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How data was collected

As there was no comprehensive New Zealand list of non-residential buildings available at the start of the study, BRANZ developed one from property valuation records for all potentially BEES-eligible buildings in New Zealand.

The data collected enabled all the research questions in BEES to be answered. This included looking at where the highest energy and water savings could be achieved and informing modelling and forecasting work into the likely future changes as building stock and distribution around the country changes.

In developing a list of New Zealand non-residential buildings using property valuation records, it was vital to ensure it was accurate. This required extensive checking, including the use of web-based searching, and it provided new knowledge about the BEES-eligible non-residential building stock, including size distribution. This was used to prepare a random, stratified sample for surveying.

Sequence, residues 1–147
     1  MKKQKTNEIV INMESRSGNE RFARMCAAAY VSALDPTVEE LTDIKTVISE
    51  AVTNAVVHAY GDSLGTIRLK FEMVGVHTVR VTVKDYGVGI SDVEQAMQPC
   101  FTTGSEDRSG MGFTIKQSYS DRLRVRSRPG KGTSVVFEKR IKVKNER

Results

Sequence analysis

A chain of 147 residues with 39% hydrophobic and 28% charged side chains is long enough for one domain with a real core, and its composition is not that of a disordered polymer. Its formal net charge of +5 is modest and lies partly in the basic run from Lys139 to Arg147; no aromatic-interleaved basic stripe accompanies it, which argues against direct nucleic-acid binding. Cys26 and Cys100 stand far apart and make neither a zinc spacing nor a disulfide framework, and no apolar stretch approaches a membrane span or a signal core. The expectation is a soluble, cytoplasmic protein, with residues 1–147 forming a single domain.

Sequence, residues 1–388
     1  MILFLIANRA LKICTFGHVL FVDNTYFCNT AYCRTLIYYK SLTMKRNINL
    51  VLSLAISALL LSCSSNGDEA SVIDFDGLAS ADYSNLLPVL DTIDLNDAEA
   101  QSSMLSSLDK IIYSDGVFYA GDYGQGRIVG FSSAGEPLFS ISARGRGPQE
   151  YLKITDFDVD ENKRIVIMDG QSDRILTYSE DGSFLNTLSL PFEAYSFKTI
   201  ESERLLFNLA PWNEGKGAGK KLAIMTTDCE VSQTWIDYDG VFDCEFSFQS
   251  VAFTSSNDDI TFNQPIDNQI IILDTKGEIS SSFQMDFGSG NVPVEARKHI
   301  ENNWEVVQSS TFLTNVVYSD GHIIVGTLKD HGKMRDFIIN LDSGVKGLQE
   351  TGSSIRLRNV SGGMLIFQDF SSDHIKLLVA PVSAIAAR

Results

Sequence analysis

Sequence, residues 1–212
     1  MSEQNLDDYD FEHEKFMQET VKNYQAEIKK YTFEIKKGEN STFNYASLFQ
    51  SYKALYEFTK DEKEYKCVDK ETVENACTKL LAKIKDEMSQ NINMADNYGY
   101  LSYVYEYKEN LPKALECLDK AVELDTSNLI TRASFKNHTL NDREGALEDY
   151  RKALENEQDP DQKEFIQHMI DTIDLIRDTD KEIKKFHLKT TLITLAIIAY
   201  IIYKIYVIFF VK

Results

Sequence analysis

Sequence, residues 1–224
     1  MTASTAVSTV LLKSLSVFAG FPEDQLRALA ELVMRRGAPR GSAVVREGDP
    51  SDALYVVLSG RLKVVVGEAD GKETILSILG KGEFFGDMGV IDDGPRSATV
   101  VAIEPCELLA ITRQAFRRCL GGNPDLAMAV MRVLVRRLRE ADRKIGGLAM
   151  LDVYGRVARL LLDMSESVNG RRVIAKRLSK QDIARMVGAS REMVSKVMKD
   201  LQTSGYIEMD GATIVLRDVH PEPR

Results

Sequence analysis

The buildings selected for the aggregate survey were a random sample stratified into five groups by floor area, selected from the property valuation list. Each floor size quintile represented a similar total floor area, although the number of buildings varied considerably.Within each group, an equal number of buildings were selected to participate in BEES, making sure each was represented in the study.

Each building was then verified by a street visit to check the property's existence and estimated actual floor size and the use of the building.

The premises or businesses within that building were also identified and matched with phone numbers. A sample of premises that agreed to participate in the aggregate survey was then selected for detailed monitoring.